The asteroid Didymos sends rocks flying into outer space

Didymos has been studied for some time now in preparation for NASA’s Double Asteroid Redirection Test (DART) and the European Space Agency’s Hera mission. DART has now had first-hand experience of the asteroid up close (before it crashed into its moon Dimorphos), giving scientists plenty of data about its shape, mass and rotation.

Spins fast

The experts have discovered that the asteroid spins very fast, completing a full rotation every 2 hours and 16 minutes. It’s super fast.

The researchers described Didymos in their work as an asteroid “on the edge of stability” due to its impressive rotation rates. The effects of the spin are felt most strongly at the celestial object’s equator.

In this region, rocks and dust are able to lift from the surface and even move in orbit. This makes Didymos a spinning asteroid that constantly spews materials into its vicinity and beyond.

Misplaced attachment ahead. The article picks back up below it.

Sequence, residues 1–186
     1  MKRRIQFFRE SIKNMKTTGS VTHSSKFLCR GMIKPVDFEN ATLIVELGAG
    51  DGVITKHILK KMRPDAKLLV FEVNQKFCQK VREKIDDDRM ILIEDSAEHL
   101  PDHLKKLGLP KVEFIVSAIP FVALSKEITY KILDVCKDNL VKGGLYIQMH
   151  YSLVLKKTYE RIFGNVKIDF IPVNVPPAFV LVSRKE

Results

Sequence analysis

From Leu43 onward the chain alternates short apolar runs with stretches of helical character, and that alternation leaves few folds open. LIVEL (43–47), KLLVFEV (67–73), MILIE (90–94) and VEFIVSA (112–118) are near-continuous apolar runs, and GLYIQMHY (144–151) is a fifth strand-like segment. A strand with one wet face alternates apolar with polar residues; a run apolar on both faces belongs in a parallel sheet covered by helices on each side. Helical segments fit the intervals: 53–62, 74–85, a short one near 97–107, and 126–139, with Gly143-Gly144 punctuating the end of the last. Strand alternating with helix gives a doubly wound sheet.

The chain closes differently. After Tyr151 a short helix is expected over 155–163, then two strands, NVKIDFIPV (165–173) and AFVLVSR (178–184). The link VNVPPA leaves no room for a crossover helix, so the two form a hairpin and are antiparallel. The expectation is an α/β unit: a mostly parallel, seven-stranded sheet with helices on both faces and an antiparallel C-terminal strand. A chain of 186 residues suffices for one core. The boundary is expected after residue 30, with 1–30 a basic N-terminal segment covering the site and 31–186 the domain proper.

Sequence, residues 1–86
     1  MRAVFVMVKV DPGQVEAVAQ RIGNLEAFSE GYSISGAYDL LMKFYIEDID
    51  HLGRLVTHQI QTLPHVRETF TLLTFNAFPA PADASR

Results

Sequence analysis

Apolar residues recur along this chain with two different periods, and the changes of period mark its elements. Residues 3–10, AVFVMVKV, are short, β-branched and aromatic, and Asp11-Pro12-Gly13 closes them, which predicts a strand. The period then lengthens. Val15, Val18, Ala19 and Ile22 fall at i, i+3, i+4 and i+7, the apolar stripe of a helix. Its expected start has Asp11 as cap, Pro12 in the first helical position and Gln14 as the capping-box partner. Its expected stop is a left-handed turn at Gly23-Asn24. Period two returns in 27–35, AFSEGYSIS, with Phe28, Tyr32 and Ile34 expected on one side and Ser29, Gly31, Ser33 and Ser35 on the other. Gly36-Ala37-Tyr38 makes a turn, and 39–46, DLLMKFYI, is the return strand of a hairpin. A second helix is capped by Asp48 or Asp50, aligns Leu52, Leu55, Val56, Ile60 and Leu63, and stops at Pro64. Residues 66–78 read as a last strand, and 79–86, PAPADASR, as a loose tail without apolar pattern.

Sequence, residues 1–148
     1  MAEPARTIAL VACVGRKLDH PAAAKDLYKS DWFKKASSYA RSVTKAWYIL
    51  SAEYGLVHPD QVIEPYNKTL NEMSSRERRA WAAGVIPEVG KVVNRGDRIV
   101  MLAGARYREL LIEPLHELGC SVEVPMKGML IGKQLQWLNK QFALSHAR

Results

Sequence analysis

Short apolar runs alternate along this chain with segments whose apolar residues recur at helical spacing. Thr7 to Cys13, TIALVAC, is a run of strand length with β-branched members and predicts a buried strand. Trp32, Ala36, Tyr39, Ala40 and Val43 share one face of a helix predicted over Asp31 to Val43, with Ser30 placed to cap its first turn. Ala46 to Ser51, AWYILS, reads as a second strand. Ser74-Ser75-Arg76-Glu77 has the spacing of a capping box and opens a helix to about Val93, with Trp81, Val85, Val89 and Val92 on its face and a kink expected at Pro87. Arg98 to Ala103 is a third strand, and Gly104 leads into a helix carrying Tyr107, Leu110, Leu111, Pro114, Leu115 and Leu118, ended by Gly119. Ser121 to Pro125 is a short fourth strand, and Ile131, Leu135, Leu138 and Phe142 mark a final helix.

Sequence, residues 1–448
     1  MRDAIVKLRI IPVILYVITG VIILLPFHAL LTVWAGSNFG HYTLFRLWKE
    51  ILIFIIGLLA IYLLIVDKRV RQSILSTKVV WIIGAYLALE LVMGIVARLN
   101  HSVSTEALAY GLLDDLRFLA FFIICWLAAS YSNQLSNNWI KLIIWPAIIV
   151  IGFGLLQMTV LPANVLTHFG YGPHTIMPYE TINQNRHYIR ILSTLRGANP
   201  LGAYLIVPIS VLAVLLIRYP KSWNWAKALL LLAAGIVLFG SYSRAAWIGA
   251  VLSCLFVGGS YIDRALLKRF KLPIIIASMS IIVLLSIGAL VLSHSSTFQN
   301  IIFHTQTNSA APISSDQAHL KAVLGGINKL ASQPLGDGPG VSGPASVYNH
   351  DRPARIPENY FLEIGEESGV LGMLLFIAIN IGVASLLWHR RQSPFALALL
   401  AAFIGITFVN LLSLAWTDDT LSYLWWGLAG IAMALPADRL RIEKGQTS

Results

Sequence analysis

“Massive particles potentially float for some time, land on the surface and lift off again, repeating such cycles over and over, or just land at latitudes from which further lift is not possible,” the authors wrote in their study.

The elements ejected by Didymos either reach orbit or are deposited on the moon Dimorphos. Some may even escape the system, driven by the force of the solar wind.

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